God calls you and you do not hear, for you are preoccupied with your own voice (T-13.V.6:6).
This is a variant on the words famously uttered by Jesus in the New Testament so long ago: “For many are called, but few are chosen.” In A Course in Miracles, Jesus updates that warning with this helpful gloss:
“Many are called but few are chosen” should be, “All are called but few choose to listen.” Therefore, they do not choose right. The “chosen ones” are merely those who choose right sooner (T-3.IV.7:12-14).
We are actively maintaining a world in which God is not welcome. We do not want to be saved. And our efforts to bar God and refuse salvation can be very sophisticated, very subtle. They can wear the mask of wellness. They can be – they are – extremely effective. In order to wake up in God, we have to come to terms with our the depth and tenacity of our resistance to that event. Until we see that we do not really want God, then we are going to be stuck in scarcity, pain and death.
When I say that we refuse to make a home for God, what I mean to say is that the egoic self has pitted itself against God. What we are in Truth – which for most of us remains deeply obscure if not altogether forgotten – loves God more than anything and yearns only to celebrate that love. Yet everything we believe we are and every law that we think rules the world in which we live hides that God and is forever throwing up more barriers against God’s presence.
So what can we do?
We can use our voice – the one that is traditionally so busy drowning out the still and quiet voice of the divine – to ask for help. We can say something like “here is the mess I have made of my life and the mess I have made of the world. You take it, God. Do with it what you will.”
And we have to see – we have to be at least willing to see – that this “mess” is a fact, even if our lives appear to be going swimmingly. If you are here in this world, then you are living according to the laws of separation. Period. You believe that you and God are at odds. It’s okay – the God police aren’t going to come and put you in chains. But Jesus might gently point out that you are putting yourself in chains. By believing that God is over there while you are here, you ensure that suffering remains the core theme of your existence.
It is not true, of course. But we can believe it’s true. And our belief is very powerful. Just look at what is has wrought! The only way out is to give our lives over to God. The paradox of surrender is that it means our ultimate victory. If we offer up our bruised and injurious sight to God, it will be undone for us.
Yet He would release you from it and set you free. His sane Answer tells you what you have offered yourself is not true, but His offering to you has never changed. You who know not what you do can learn what insanity is, and look beyond it (T-13.V.7:4-6).
So the choice that we have to make is simply to listen to God. And when we say “listen,” we are really talking about a way of being present. We aren’t talking about our physical ears! Rather, this “listening” is a quality of attentiveness, of being fully and willingly open to the song of God. As much as we can, we have to suspend judgment for it inevitably excludes. God’s love – God’s word – is inclusive. This is what we are trying to learn. It is a process and a practice.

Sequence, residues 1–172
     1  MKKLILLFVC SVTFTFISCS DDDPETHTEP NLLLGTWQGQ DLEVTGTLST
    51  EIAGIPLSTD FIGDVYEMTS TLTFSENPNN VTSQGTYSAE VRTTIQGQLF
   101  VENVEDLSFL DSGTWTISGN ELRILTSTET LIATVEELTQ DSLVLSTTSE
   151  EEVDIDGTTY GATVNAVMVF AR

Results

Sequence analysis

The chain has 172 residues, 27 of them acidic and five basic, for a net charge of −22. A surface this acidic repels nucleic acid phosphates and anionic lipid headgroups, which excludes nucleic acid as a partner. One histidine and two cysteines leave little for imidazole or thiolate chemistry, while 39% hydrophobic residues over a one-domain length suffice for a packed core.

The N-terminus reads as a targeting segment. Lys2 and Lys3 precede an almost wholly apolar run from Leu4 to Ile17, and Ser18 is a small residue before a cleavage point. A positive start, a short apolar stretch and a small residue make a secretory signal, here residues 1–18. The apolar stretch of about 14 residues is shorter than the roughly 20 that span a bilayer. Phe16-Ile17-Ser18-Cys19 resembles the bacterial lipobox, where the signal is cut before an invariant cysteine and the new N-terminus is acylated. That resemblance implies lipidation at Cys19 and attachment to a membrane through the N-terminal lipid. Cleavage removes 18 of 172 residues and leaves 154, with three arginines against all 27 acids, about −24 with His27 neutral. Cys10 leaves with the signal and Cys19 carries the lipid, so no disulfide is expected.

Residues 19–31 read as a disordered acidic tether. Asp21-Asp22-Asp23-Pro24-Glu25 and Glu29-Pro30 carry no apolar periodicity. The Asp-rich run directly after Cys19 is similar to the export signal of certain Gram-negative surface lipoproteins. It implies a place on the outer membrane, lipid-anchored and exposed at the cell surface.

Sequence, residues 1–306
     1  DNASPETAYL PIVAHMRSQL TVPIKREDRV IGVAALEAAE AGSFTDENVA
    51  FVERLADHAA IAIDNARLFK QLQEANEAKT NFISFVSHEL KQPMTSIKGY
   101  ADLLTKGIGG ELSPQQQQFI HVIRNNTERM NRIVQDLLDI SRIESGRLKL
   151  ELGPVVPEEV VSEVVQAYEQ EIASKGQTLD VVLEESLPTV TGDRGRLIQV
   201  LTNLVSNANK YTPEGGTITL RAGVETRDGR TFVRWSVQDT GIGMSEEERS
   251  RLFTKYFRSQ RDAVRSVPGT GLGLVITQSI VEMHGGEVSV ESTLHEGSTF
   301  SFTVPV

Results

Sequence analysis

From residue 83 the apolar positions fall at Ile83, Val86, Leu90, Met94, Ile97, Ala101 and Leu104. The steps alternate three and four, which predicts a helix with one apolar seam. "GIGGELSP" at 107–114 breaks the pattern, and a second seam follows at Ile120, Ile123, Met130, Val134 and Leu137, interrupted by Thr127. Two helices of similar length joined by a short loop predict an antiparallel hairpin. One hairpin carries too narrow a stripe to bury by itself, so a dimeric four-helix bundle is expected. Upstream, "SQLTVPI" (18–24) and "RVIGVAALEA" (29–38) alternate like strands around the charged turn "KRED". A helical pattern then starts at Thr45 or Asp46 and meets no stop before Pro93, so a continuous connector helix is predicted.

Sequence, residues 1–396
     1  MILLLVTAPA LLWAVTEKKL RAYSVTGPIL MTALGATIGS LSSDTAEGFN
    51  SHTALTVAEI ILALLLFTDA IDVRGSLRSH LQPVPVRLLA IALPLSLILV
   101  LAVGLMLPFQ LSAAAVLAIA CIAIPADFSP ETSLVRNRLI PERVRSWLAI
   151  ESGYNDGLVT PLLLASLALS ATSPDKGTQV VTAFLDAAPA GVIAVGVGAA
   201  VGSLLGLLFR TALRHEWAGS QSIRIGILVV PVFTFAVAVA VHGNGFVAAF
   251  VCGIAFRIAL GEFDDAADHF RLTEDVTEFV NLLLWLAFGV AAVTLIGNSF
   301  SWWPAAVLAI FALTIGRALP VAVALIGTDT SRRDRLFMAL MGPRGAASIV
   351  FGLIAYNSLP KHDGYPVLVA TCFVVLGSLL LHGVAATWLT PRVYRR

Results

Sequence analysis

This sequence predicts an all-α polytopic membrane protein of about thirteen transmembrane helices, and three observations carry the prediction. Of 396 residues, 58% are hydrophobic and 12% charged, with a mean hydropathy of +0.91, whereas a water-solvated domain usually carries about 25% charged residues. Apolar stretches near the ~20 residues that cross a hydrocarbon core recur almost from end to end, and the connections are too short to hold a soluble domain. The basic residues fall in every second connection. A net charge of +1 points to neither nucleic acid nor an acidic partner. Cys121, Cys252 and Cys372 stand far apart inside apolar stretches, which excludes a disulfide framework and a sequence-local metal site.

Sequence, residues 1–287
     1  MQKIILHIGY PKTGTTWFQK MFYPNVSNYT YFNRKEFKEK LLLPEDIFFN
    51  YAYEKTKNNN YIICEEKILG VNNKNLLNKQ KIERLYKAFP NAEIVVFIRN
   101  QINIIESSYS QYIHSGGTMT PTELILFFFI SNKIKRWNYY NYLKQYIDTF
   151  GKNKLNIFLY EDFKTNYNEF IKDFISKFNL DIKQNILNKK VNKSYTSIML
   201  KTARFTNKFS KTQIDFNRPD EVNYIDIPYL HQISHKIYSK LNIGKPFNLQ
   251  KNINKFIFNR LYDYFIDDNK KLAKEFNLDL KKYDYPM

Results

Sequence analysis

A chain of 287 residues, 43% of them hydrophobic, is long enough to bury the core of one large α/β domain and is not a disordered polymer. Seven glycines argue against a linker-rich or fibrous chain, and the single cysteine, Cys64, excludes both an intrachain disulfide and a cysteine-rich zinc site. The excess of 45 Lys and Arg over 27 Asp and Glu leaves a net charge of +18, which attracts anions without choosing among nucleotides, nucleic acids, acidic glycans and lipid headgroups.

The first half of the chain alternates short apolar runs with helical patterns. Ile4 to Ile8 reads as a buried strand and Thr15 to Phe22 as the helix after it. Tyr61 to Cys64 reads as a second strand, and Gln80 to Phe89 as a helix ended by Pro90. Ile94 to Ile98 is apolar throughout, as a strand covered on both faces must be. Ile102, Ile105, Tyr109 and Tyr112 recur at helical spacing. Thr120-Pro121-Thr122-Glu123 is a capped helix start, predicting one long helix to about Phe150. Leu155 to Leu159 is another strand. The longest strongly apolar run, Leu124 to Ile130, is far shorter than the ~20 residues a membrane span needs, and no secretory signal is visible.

Love is one. It has no separate parts and no degrees; not kinds nor levels, no divergences and no distinctions. It is like itself, unchanged throughout. It never alters with a person or a circumstance. It is the Heart of God, and also of his Son (W-pI.127.1:3-7).
Who amongst us lives that way? Or experiences this reality as fact rather than just a nice idea that we might get around to manifesting in the future? If we really consider it, doesn’t it seem impossible? It should because it is the precise opposite of the world that we made. If that is God’s law, how far are we from the experience that it promises?
We have to give up the world entirely. Entirely! We have to let go completely of the laws and rules and codes which organize that world and appear to dictate the terms and conditions of our happiness. We have to stop looking for answers and solutions in a world that was specifically designed to have no answers and provide no solutions. Our personal voice can only mislead us, no matter how loving its tone, no matter how seductive its promises. No shift in external circumstances will reveal God. So seeing God – hearing God – is going to have to happen in another way, one with which we we are as yet unfamiliar. It won’t come from us, not as we presently understand ourselves.
This is why we pray. This is why we enter a quiet space and invite God to join us there. Because only God can teach us the reality of what we are. All the support of Jesus and all the insights of the Holy Spirit can but bring us to that moment where we turn to God and say without pretense or expectation, “help.”
Love’s meaning is your own, and shared by God Himself. For what you are is what He is. There is no love but His, and what He is, is everything there is. There is no limit placed upon Himself, and so are you unlimited as well (W-pI.127.4:2-5).
That is the goal. It is on that lesson that our sight – our vision – is set. That is the atonement – the remembering that what we are in truth is neither distinct nor separate from God. In that memory we recall and bring into application our Christ nature and are instantly restored to peace.
It begins with listening. It begins with the call of God that – even now – echoes in your heart. Listen!